Anseriformes comprises about 150 species, divided over three families: Anhimidae (screamers), Anseranatidae (Magpie Goose) and Anatidae (ducks, geese and swans).

List of Hybrids per Genus

Family Anhimidae

Family Anatidae


Scientific Literature

Overviews of the incidence of hybridization among Anseriformes have been published (Johnsgard, 1960; Randler, 2000; Randler, 2008; Scherer & Hilsberg, 1982). Apart from a phylogenetic analysis, Gonzalez et al. (2009) also discuss patterns of hybridization. In waterfowl, the occurrence of hybridization can be explained by interspecific brood amalgamation and (to a lesser extent) forced extrapair copulations (Randler, 2005).

Geese (Anser and Branta)

Hybridization is common among geese (Ottenburghs et al., 2016b) and it has significantly impacted their evolutionary history (Ottenburghs et al. 2016a; Ottenburghs, et al. 2017) and domestication (Heikkinen et al., 2020). The mitochondrial DNA of Anser species is closely related, but this could also be due to incomplete lineage sorting (Ruokonen, Kvist & Lumme, 2000). A few studies have compiled all occurrences (Delany, 1992; Kampe-Persson & Lerner, 2007; Randler, 2000; Randler, 2008).

Several species combinations have been studied. Hybrids between Snow Goose (A. caerulescens) and Ross’ Goose (A. rossii) have been reported (Hatch & Shortt, 1976; Trauger, Dzubin & Ryder, 1971) and experimental (Macinnes & Kerbes, 1987) and genetic (Weckstein et al., 2002) studies are known. Canada Goose (B. canadensis) hybrids with Snow Goose (Nelson, 1952; Prevett & Macinnes, 1973) and Greater White-fronted Goose (Craven & Westemeier, 1979) have only been documented, with some estimates of frequency.

The occurrence of wild hybrids between Greater and Lesser White-fronted Goose (A. erythropus) is certain (Nijman, Aliabadian & Roselaar, 2010), while the genetic purity of captive birds that were destined for a reintroduction programme remains a matter of debate (Ruokonen, Andersson & Tegelstrom, 2007).

A hybrid zone between Canada Goose and Cackling Goose (B. hutchinsii) is located in Northern Canada (Leafloor, Moore & Scribner, 2013).

Hybrids between Greylag Goose and domestic breeds have been confirmed by mtDNA analyses (Heikkinen et al., 2015) and genomic data (Heikkinen et al., 2020).

The morphology of the following hybrids have been described in more detail: Bar-headed Goose x Snow Goose (Lehmhus & Gustavsson, 2014), Greylag Goose x Canada Goose (Gustavsson, 2011) and several hybrids between Barnacle Goose and Anser species (Gustavsson, 2009). In addition, some hybrids have coloured tail-coverts although all goose species have white tail-coverts (Gustavsson, 2010).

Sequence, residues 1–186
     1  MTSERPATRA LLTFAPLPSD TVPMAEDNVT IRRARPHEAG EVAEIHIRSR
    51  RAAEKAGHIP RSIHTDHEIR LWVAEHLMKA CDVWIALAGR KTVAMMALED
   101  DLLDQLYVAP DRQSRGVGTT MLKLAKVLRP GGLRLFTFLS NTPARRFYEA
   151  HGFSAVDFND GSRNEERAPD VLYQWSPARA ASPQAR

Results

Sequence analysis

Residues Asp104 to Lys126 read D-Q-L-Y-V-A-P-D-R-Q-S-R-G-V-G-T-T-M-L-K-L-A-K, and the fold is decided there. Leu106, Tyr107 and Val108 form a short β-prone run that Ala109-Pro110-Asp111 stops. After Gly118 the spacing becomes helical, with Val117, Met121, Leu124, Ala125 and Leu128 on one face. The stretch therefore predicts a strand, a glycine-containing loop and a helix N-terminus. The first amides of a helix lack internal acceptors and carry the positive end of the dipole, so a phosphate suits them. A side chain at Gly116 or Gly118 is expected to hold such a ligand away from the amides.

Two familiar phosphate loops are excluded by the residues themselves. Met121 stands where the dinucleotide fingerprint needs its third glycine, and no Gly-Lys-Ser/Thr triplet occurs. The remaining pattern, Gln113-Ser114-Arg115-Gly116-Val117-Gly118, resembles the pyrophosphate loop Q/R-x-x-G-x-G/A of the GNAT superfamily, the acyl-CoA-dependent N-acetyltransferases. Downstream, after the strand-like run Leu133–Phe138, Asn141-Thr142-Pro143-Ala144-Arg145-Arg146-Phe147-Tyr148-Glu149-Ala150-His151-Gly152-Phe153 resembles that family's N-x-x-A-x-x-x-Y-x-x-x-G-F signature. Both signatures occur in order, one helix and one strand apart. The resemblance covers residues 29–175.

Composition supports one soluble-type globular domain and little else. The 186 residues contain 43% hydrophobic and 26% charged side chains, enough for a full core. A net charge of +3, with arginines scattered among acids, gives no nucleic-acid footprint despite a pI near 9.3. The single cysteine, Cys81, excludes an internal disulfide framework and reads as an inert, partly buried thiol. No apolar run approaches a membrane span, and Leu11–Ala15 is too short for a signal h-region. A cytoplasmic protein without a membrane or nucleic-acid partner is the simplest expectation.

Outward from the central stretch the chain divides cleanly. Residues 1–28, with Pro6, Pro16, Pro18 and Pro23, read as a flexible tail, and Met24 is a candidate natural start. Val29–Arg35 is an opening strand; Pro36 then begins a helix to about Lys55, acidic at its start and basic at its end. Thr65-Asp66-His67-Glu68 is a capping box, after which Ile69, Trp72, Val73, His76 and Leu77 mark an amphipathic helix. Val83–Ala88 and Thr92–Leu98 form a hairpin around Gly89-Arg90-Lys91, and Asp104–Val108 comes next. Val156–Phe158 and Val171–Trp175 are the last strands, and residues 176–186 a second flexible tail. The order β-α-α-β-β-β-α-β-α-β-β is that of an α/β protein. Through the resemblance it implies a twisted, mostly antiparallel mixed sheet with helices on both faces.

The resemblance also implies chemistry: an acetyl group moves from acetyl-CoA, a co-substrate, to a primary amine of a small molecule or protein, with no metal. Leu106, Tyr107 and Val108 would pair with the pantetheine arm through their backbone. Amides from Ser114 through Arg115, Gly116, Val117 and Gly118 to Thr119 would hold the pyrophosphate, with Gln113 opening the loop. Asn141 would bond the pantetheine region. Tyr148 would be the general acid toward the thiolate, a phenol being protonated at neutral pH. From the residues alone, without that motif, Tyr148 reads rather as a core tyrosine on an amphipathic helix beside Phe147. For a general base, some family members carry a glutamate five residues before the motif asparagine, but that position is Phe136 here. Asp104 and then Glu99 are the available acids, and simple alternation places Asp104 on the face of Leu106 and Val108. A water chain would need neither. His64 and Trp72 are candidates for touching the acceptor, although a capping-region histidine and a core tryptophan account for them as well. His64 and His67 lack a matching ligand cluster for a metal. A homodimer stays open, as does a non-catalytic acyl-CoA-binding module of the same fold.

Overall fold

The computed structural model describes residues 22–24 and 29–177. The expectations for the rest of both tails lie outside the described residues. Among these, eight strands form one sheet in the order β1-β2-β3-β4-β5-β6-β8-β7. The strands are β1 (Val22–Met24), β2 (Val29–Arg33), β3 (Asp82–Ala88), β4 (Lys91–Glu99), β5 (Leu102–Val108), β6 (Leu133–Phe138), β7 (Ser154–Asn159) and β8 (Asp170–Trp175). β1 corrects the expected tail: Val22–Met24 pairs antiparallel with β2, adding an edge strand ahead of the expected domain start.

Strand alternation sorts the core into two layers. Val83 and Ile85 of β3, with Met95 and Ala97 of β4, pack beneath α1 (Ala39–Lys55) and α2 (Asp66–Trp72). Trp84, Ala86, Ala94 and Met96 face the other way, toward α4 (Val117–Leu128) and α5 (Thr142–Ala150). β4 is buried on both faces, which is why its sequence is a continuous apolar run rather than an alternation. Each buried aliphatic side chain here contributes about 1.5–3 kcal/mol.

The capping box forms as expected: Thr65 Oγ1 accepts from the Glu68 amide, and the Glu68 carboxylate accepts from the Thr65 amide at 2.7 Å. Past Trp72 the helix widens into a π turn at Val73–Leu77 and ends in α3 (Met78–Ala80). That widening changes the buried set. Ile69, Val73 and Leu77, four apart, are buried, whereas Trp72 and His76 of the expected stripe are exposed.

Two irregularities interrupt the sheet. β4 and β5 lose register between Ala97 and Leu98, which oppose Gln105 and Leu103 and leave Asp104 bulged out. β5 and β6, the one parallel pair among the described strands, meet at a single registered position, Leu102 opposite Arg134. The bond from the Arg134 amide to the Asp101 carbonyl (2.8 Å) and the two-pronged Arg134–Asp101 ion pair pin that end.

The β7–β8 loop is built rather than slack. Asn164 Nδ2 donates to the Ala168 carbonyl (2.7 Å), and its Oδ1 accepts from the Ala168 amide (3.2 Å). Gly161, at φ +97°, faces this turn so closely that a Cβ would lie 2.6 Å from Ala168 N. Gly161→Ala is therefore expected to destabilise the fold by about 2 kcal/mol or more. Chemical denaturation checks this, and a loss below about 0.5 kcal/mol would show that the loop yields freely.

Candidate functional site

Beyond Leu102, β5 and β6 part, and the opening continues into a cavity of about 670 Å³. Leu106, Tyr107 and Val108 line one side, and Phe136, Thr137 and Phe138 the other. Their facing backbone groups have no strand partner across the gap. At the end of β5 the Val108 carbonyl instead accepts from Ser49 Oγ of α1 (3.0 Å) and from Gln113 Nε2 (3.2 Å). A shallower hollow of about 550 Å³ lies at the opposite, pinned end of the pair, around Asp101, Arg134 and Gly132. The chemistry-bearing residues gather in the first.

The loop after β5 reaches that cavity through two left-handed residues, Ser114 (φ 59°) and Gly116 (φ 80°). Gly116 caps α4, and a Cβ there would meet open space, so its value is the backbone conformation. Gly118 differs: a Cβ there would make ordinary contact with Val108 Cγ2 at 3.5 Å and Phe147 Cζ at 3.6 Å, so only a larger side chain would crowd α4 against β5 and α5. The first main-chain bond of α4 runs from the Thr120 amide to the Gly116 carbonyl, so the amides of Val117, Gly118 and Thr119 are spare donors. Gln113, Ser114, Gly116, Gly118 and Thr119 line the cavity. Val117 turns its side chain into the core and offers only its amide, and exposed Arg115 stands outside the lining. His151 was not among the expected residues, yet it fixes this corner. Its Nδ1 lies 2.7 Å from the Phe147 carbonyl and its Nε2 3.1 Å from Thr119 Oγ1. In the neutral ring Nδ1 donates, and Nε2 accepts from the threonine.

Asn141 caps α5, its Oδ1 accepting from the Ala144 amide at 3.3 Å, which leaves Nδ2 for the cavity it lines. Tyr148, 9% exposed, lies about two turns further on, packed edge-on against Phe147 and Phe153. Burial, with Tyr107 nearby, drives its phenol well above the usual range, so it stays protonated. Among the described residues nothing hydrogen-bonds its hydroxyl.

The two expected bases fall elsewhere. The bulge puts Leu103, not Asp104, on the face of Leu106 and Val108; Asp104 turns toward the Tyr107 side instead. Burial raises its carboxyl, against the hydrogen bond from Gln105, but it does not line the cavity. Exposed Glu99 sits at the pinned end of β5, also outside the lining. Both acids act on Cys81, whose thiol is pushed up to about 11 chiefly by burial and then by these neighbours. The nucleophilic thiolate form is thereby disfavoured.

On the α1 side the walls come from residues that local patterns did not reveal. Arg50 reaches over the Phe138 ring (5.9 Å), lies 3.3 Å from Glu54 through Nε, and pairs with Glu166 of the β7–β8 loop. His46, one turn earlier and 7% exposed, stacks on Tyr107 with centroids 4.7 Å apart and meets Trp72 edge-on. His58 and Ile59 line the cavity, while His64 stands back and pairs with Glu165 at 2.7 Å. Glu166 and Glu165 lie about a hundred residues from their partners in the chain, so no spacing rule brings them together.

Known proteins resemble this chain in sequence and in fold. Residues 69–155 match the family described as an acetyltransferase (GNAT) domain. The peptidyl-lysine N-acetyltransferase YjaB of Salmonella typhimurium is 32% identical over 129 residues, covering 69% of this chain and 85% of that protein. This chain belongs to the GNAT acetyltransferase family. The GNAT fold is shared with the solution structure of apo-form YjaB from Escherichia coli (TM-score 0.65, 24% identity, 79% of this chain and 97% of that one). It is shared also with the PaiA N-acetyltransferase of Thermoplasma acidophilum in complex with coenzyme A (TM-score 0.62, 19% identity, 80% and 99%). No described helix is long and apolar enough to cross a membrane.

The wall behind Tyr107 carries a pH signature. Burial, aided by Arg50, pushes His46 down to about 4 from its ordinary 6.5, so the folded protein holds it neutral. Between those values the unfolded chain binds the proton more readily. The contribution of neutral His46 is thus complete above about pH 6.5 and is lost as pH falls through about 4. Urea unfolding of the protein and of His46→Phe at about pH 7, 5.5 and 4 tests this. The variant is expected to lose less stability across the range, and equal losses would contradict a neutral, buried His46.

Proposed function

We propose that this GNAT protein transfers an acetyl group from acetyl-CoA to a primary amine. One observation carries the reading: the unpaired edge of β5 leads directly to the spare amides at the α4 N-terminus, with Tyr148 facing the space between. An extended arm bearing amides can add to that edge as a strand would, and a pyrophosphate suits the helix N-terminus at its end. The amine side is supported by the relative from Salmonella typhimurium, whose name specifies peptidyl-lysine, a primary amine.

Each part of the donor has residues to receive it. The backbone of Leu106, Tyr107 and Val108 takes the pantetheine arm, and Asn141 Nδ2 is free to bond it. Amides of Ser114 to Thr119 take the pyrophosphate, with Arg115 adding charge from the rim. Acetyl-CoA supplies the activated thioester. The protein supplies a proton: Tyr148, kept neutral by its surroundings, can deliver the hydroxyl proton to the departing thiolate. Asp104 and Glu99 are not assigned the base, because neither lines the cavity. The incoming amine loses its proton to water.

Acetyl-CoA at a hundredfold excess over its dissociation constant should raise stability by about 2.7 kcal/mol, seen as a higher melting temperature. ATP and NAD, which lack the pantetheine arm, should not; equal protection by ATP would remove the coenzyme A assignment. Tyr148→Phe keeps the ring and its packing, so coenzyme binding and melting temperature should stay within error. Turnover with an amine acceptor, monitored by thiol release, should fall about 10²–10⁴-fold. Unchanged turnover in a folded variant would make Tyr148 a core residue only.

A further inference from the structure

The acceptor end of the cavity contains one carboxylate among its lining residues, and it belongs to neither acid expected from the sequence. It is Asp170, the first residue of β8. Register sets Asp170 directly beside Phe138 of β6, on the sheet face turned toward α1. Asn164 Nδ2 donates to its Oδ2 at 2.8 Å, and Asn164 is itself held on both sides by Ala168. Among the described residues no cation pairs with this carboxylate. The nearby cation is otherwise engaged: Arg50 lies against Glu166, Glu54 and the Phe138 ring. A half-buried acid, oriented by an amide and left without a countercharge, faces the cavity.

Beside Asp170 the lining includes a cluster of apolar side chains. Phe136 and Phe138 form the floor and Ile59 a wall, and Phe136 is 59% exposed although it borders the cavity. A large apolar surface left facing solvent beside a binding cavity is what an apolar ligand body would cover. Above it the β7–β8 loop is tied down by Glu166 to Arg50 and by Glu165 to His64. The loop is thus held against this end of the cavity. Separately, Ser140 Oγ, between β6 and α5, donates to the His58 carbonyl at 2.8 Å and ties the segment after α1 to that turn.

Honka et al. (2017) collected Bean Geese that were shot by Finnish hunters between 2010 and 2013. A genetic analysis, based on mitochondrial DNA (mtDNA) and microsatellites, revealed that the most shot geese belonged to the Taiga subspecies (A. f. fabalis). one individual carried mtDNA from a Pink-footed Goose (A. brachyrhynchus), while another individual had Greater White-fronted Goose (A. albifrons) DNA. Genomic analyses revealed extensive introgression between Taiga (A. f. fabalis) and Tundra bean goose (A. f. serrirostris), resulting in largely homogeneous genomes (Ottenburghs et al., 2020).

An ancient DNA study suggests that there could have been hybridization between domestic Greylag Geese and wild Taiga Bean Geese in Russia (Honka et al., 2018).

The behaviour of hybrids between Swan Goose (A. cygnoides) and Greylag Goose (A. anser), such as vigilance (Randler, 2003) and aggression (Randler, 2004), is no different from pure species. Also, the breeding times of Snow Goose x Greylag Goose hybrids are intermediate in a captive setting (Davies, Fischer & Gwinner, 1969).

Apart from these morphological, ecological and genetic studies, goose hybrids have also been extensively studied with regard to the meat industry (Kowalczyk, Adamski & Lukaszewicz, 2013; Kowalczyk & Lukaszewicz, 2012; Mazanowski & Bernacki, 2006).

Hybrid between Greylag Goose (Anser anser) and Canada Goose (Branta canadensis)
Hybrid between Greylag Goose (Anser anser) and Canada Goose (Branta canadensis)


The duck genus Anas has been studied extensively. Several studies provided clues for introgressive hybridization by studying several species (Kraus et al., 2012; Lavretsky, McCracken & Peters, 2014; Peters et al., 2005; Peters et al., 2014b).

Mallard (Anas platyrhynchos)

The key species in this group is the Mallard (A. platyrhynchos), which hybridizes with the majority of other duck species. Phylogeographic analysis of the Mallard  revealed two mitochondrial haplotype clades, A and B (Avise, Ankney & Nelson, 1990; Kraus et al., 2011; Kulikova et al., 2005; Kulikova, Poysa & Zhuravlev, 2012). Worldwide, several monochromatic duck species evolved, with which the Mallard hybridizes extensively. In North America, however, this extensive hybridization does not seem to result in high levels of recent gene flow. The genetic similarity of these species can be attributed to ancestral variation and ancient gene flow (Lavretsky et al., 2019).

Experimental work on Mallard x Black Duck hybrids showed that hybrids were more similar to Black Ducks in terms of salt toleration (Barnes & Nudds, 1991). Hybrids also tended to have more Sarcocystis parasites compared to “pure” species (Mason & Clark, 1990).

The Hawaiian duck may represent a young hybrid species. Genetic analyses show that the contemporary Hawaiian duck is descended from an ancient hybridization event (dated around the Pleistocene-Holocene boundary) between Mallard and Laysan duck (A. laysanensis) (Lavretsky et al., 2015).

In addition, the captive-bred Mallards are occasionally released in the wild where they interbreed with wild populations (Champagnon et al., 2013; Cizkova et al., 2012; Söderquist et al., 2017, Lavretsky et al., 2020).

Other duck species

Besides the Mallard, other combinations of hybridizing duck species have been studied, such as Gadwalls (A. strepera) and Falcated ducks (A. falcata) in North America (Peters & Omland, 2007; Peters et al., 2007), Speckled Teal (A. flavirostris) and Yellow-billed Pintail (A. georgica) on the Falkland Islands (McCracken & Wilson, 2011), and Grey Teal (A. gracilis) and Chestnut Teal (A. castanea) in Australia (Joseph et al., 2009).

Genetic analyses show that hybridization between Grey Teal and Pacific Black Duck occurs bidirectionally (Guay et al., 2015).

Several subspecies of the Common Teal (A. crecca) also interbreed: there is continental gene flow between A. c. crecca and A. c. carolensis (Peters et al., 2012), and possible heteropatric speciation (Winker, 2006) between A. c. crecca and A. c. nimia (Winker et al., 2013).